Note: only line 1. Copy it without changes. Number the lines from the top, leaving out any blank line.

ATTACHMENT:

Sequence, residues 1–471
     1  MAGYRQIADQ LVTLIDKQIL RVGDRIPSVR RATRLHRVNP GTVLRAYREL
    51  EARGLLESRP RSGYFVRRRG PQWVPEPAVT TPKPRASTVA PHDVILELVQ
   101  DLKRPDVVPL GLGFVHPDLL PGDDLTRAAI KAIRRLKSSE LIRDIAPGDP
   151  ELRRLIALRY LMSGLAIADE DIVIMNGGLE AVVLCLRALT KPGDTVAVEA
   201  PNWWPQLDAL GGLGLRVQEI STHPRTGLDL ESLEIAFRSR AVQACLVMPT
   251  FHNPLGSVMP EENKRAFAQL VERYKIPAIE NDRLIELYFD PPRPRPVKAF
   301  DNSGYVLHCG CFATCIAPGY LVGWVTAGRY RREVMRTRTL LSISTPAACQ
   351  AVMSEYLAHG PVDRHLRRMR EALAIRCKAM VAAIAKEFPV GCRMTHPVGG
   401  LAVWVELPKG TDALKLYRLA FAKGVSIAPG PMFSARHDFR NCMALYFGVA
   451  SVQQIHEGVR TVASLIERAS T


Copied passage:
Sequence, residues 1–471